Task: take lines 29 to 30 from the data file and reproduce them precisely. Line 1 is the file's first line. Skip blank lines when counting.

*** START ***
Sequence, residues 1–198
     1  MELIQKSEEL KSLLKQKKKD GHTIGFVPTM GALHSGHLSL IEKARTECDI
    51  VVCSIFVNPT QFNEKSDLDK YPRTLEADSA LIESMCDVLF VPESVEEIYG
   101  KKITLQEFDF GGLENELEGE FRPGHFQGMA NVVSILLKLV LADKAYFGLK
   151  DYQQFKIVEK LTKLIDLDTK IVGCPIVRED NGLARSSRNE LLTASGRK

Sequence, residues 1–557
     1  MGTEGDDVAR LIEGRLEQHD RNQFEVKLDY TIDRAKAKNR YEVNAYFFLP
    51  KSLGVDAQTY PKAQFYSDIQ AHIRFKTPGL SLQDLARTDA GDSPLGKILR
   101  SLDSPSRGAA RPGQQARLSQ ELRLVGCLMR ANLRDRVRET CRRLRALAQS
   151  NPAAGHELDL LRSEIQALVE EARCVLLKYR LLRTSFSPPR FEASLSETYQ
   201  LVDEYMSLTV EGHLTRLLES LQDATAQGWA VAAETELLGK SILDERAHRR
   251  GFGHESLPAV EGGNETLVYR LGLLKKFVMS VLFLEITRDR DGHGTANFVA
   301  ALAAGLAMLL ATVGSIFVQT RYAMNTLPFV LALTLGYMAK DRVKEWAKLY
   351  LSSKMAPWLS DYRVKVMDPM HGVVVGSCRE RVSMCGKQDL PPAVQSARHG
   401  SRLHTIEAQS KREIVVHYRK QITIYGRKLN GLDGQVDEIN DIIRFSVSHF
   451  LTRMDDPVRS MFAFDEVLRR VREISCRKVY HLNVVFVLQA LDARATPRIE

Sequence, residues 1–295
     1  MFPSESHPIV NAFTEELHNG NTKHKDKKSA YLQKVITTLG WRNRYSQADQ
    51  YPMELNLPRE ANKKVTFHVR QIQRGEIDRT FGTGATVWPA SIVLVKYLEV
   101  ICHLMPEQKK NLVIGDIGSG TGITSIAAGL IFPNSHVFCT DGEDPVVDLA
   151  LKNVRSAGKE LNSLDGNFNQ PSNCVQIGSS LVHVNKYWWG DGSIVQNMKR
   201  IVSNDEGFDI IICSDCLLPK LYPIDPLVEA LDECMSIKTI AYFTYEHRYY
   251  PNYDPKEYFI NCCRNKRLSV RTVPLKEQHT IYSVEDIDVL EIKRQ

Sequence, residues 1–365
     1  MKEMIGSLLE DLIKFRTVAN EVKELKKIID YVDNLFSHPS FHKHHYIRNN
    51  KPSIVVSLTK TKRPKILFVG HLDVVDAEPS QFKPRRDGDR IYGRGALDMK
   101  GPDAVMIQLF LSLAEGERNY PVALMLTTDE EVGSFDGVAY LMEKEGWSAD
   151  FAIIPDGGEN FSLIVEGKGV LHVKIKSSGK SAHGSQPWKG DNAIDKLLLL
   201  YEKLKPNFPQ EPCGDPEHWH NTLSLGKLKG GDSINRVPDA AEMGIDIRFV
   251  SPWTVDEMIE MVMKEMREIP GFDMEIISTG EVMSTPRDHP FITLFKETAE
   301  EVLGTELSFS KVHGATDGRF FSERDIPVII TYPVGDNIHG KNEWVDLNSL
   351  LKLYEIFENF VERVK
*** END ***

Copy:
   201  YEKLKPNFPQ EPCGDPEHWH NTLSLGKLKG GDSINRVPDA AEMGIDIRFV
   251  SPWTVDEMIE MVMKEMREIP GFDMEIISTG EVMSTPRDHP FITLFKETAE